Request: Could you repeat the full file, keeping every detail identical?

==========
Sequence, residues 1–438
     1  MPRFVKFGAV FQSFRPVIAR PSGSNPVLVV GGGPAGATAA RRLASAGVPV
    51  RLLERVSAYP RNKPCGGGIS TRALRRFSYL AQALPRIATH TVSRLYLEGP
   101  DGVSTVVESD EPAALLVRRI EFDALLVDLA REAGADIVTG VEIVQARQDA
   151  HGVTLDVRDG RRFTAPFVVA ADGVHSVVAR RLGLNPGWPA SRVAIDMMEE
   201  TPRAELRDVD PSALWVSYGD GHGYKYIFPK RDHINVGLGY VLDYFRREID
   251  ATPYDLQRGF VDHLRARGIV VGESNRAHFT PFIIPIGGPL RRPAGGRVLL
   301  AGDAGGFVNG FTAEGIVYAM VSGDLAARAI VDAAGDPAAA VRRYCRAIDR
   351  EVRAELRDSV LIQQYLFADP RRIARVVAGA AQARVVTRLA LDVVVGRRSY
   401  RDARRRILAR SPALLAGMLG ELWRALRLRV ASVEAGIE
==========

Sequence, residues 1–438
     1  MPRFVKFGAV FQSFRPVIAR PSGSNPVLVV GGGPAGATAA RRLASAGVPV
    51  RLLERVSAYP RNKPCGGGIS TRALRRFSYL AQALPRIATH TVSRLYLEGP
   101  DGVSTVVESD EPAALLVRRI EFDALLVDLA REAGADIVTG VEIVQARQDA
   151  HGVTLDVRDG RRFTAPFVVA ADGVHSVVAR RLGLNPGWPA SRVAIDMMEE
   201  TPRAELRDVD PSALWVSYGD GHGYKYIFPK RDHINVGLGY VLDYFRREID
   251  ATPYDLQRGF VDHLRARGIV VGESNRAHFT PFIIPIGGPL RRPAGGRVLL
   301  AGDAGGFVNG FTAEGIVYAM VSGDLAARAI VDAAGDPAAA VRRYCRAIDR
   351  EVRAELRDSV LIQQYLFADP RRIARVVAGA AQARVVTRLA LDVVVGRRSY
   401  RDARRRILAR SPALLAGMLG ELWRALRLRV ASVEAGIE